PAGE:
Santa Barbara News Press

Attorneys Want State to Investigate Boy’s Drowning

The attorneys for the family of a 4-year-old boy who drowned last year at a Goleta athletic club are urging the state attorney general to launch a criminal investigation, saying earlier probes by the Santa Barbara Sheriff’s Department and District Attorney’s Office, finding no criminal wrongdoing, were deeply flawed.

Also, in a report released Monday, attorney Barry Cappello disclosed new details that he believes show the negligence of the lifeguards and camp counselor in the pool with the children at the Cathedral Oaks Athletic Club.

It has long been known that the horrific events during the summer program’s pool activities on Aug. 15, 2005, were captured on video, which showed young Jonathan Gottesman floating face down in the pool for eight minutes before anyone took notice in the roomful of 13 children and at least five adults.

But the attorneys’ report said closer inspection of the video shows a counselor “dunking” kids and “roughhousing” with them in the pool, one of whom was apparently the boy, nicknamed “Yoni,” just before he died.

“He raised them well up out of the water into the air, and would dunk them back head first, face first, into the water,” said Mr. Cappello’s partner, Leila Noel. “It never should have been happening. The DA (Tom Sneddon) not only took no notice, he actually said dunking is no big deal and that he even dunks his own kids.’ ”

Mr. Sneddon could not be reached for comment Monday because he was out of town, a secretary at the District Attorney’s Office said.

As a group of children swam away following a round of dunking, one “form” — apparently Yoni — flailed in the water for a while before going prone, the report said. The report also disclosed new details about the on-duty lifeguards, both college-aged, whom the Gottesman family hope will be charged with criminal negligence alongside the club.

The report said that one lifeguard sat motionless as the child died a few feet away, and that a second guard from the far end of the pool did nothing to save Yoni for the first six minutes, and then walked past the child to get a soda.

“It is only after a (child) notices Yoni floating in the pool and calls for help that anything happens,” the report said. The owner of the club, Richard Berti, said he feels terrible about the incident, but said he believes it was an accident that does not warrant criminal prosecution, as the District Attorney’s Office and Sheriff’s Department have concluded.

“It was a horrible accident,” he said Monday. “I feel great pain from it. I do pray quite a bit about it.”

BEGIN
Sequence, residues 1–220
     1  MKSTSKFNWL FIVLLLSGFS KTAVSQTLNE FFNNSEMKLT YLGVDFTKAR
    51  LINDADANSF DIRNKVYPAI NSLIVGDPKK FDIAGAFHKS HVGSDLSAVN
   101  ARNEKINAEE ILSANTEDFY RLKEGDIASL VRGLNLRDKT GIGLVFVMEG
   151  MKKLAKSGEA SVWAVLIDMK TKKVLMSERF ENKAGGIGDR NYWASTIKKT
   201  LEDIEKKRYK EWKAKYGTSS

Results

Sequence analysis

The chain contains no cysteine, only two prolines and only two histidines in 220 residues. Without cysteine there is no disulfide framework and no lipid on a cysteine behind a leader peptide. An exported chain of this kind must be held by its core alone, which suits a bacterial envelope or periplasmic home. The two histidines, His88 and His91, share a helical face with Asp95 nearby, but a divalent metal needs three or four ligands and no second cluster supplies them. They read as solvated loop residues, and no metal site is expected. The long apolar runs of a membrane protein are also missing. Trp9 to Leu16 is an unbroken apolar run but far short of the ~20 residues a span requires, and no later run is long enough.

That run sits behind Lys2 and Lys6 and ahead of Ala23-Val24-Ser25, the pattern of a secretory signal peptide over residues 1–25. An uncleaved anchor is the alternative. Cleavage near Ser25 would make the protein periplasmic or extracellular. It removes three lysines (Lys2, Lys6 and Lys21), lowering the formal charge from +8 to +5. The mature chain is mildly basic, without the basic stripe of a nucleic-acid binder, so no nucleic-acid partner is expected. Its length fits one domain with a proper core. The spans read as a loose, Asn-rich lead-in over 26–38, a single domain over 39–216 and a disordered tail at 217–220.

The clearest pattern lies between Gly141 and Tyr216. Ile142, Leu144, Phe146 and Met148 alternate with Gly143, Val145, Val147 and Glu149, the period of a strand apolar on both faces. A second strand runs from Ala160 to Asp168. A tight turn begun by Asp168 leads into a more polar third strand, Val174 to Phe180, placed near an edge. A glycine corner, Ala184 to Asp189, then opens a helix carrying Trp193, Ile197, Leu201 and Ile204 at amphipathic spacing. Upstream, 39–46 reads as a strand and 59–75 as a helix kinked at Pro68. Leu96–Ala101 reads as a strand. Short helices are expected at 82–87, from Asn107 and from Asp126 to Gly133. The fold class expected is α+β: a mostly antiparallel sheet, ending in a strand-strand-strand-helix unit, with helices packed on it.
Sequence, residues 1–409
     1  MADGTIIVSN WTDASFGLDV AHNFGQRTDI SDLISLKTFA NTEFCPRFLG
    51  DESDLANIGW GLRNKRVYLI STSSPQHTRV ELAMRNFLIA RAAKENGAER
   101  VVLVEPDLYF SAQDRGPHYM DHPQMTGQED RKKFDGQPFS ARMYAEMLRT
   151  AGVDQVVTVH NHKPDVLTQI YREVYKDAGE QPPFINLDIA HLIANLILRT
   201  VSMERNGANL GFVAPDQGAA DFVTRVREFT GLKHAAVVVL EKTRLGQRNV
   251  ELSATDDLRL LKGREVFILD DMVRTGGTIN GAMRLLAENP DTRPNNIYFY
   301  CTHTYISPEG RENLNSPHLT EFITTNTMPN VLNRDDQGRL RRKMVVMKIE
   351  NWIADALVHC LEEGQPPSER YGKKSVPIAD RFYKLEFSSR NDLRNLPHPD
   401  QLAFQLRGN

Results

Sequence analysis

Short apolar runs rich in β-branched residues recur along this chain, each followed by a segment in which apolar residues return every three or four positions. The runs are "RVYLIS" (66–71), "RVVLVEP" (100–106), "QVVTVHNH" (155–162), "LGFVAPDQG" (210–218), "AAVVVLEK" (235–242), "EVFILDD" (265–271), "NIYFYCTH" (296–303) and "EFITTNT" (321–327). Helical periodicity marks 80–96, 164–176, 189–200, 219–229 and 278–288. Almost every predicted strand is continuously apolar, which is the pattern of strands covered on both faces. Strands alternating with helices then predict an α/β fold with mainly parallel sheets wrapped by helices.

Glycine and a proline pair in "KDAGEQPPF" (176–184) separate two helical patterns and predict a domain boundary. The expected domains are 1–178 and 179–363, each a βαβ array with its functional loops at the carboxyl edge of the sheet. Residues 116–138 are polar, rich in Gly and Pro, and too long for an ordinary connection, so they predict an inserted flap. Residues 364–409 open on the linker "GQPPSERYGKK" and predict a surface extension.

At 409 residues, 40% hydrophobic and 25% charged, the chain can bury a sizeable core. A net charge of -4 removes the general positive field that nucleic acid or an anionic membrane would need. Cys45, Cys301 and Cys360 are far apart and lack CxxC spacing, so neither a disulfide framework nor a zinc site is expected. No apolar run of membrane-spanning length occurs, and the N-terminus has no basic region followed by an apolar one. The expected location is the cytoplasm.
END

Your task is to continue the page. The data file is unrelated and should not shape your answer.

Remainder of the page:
Yoni’s father, 44-year-old Oded Gottesman, said he has been living a nightmare since the incident at the club on Cathedral Oaks Road.

“He was dying and the counselor (kept) dunking other children, and the lifeguard was not doing anything,” said Mr. Gottesman, who, with his wife, Anat, has one other child. “They are still inviting families and children to their activities like nothing happened.”

The family’s attorneys are asking that the Attorney General’s Office convene a grand jury for the purpose of “issuing indictments for child endangerment and involuntary manslaughter against those persons and entities found to be responsible for Yoni’s death.”

The family’s attorneys are arguing that the incident rises to the level of criminal negligence, in part because the club was operating without the required license. Also, they say, the lifeguards were not adequately trained.

“Lifeguards are supposed to scan the pool every 10 seconds and at a minimum every 15 seconds,” Mrs. Noel said. “For lifeguards not to be scanning their zone of responsibility . . . that’s negligence on its face.”

Mr. Berti has said his staff was adequately trained.

The family’s attorneys accuse the Sheriff’s Department — which conducted the initial investigation — of having a conflict of interest because Mr. Berti was a prominent financial donor to the Sheriff’s Department. Since 2004, he had given at least $50,000 to charities raising money for safety equipment for the law enforcement agency.

Responding Monday, Sheriff’s Department spokesman Sgt. Erik Raney said the department stands by the findings of its investigation.

“We welcome any other investigations, and plan to cooperate fully with any investigations the attorney general may bring into this matter,” said Sgt. Raney, adding that he doesn’t remember hearing anything about dunking.

The attorneys also accuse Mr. Sneddon of “whitewashing” the sheriff’s investigation. The report called the district attorney’s investigation “sloppy, inadequate and incomplete.” Although he couldn’t be reached Monday, Mr. Sneddon has said his investigation was extensive and included more than 56 interviews. He said his team also reviewed the videotape of the drowning, coroner’s and law enforcement reports, and documents submitted by the boy’s family and Mr. Cappello.

The attorneys also say that similar drowning cases have resulted in charges being filed in Riverside, Sonoma and San Jose counties.

The Attorney General’s Office typically gets involved in local law enforcement matters only when there is a disabling conflict-of-interest concern or, much more rarely, an abuse of discretion of authority, said attorney general spokesman Nathan Barankin, who hadn’t yet seen the attorneys’ request.

He gave a couple of examples of viable conflict-of-interest issues.

“Sometimes the alleged perpetrator is a relative of the sheriff or an employee of the DA’s office,” he said.

He declined to comment on the likelihood that the Santa Barbara case would qualify.

He added: “Many more things flunk the smell test more quickly than they ripen into a legal problem.”